Another important way to protect gender expression is to give employees the ability to self-identify on HR platforms and systems. HR managers should include an inclusive list of pronouns and genders for administrative systems and forms. Field menus with drop-down arrows allowing the addition of pronouns and genders in coordination with employees’ self-identification and gender expression, if set up correctly, will foster inclusion at the systems level.
3. Protect employee privacy
It is likely that if a candidate has transitioned during the hiring process this will become obvious to recruiting and hiring personnel. Background checks, references, social security, and other documents will contain pretransition information, including name and sex. While it is self-evident that this should not impact the individual’s chances of securing the position they are applying for, discretion is also important. Outing candidates or employees against their wishes is hurtful, insensitive, and inappropriate.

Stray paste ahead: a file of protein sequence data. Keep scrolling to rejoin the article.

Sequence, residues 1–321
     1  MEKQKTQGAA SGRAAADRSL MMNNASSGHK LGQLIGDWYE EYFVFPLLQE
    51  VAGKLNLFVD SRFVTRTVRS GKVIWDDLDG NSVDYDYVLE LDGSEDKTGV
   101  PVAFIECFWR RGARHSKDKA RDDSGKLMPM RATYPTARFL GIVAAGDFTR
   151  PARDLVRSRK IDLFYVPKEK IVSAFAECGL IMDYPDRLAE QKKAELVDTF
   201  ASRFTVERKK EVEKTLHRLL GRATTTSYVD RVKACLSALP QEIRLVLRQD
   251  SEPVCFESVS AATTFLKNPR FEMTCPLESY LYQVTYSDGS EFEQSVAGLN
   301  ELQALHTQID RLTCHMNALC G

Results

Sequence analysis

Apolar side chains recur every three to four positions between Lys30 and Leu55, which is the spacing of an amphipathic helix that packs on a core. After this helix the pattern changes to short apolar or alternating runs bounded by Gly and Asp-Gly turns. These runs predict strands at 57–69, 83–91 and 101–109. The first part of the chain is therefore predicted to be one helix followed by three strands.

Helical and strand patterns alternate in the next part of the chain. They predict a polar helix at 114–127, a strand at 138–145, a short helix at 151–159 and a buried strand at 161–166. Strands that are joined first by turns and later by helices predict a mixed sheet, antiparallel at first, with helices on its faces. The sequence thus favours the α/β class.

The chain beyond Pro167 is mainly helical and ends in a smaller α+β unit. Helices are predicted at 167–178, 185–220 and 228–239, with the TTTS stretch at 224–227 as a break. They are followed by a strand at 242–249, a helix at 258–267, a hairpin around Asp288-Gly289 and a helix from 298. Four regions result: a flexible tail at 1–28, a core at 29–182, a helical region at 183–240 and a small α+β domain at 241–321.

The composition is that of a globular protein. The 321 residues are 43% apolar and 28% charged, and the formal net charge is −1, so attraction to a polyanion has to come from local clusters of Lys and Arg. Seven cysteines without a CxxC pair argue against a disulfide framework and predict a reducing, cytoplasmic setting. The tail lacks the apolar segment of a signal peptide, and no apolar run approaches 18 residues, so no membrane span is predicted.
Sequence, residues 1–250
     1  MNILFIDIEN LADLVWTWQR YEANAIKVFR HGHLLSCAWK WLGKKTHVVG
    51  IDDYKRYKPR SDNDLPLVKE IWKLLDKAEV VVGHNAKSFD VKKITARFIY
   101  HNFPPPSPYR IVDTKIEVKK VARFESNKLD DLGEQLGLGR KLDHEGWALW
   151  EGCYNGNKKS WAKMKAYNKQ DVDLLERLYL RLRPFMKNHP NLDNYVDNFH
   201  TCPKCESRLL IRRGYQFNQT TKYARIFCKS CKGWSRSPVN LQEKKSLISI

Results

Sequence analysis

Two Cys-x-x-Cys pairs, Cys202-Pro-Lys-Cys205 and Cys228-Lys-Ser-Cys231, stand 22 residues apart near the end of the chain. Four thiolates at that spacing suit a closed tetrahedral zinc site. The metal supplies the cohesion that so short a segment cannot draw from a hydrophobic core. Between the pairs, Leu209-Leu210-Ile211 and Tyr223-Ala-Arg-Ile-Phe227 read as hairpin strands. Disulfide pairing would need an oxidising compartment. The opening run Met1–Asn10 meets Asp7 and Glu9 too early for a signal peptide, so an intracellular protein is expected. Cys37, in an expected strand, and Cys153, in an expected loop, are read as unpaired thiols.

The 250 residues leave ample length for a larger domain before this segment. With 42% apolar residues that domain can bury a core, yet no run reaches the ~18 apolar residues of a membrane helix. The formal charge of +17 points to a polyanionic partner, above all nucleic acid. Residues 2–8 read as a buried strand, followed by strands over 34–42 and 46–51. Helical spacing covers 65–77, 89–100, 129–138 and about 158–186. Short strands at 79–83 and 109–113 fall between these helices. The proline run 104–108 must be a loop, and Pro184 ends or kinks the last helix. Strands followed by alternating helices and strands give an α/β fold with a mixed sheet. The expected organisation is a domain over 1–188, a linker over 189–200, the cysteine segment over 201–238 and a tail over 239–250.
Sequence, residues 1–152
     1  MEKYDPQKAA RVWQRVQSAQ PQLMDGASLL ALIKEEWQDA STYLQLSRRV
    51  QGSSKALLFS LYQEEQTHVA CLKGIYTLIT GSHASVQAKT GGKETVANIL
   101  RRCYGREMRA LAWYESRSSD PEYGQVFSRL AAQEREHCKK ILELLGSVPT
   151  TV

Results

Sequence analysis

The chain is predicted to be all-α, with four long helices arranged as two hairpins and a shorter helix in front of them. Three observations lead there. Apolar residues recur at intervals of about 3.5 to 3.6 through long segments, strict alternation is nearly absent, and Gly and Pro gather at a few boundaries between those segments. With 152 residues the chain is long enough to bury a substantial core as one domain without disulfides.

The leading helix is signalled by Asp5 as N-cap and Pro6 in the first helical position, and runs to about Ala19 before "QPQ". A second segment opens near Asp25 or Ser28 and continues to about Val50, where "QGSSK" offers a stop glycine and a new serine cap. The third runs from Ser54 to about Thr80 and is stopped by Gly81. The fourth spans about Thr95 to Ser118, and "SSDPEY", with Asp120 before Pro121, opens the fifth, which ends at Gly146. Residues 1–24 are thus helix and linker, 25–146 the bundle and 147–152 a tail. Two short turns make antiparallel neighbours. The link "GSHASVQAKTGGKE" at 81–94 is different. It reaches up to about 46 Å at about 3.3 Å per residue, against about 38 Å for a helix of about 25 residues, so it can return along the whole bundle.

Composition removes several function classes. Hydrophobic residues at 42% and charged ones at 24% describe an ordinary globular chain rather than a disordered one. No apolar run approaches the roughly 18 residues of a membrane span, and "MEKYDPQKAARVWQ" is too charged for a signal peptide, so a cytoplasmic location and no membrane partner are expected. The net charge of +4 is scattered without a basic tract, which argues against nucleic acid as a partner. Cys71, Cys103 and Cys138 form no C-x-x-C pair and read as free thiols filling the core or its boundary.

4. Support transitioning employees
It is important to delineate clear guidelines for transitioning employees and their supervisors and colleagues. These protocols may include allowances for working remotely, paid leave, a hygienic and private room for administering hormonal injections, and other accommodations to ensure that transitioning employees are not excluded.
5. Implement comprehensive sensitivity training
As mentioned throughout this guide, lack of understanding and knowledge is a major contributing factor to the exclusion and mistreatment of non-binary individuals in the workplace. It is vital to engage staff and implement comprehensive sensitivity and anti-harassment training—from senior management to junior employees. Empower all employees to become allies and educate them to advocate for non-binary inclusion, both within the office setting and without. These initiatives may be part of pre-existing diversity and EEO compliance training or may be implemented separately. One suggestion is to invite non-binary community advocates or representatives to address management and employees.
6. Facilitate documentation changes and options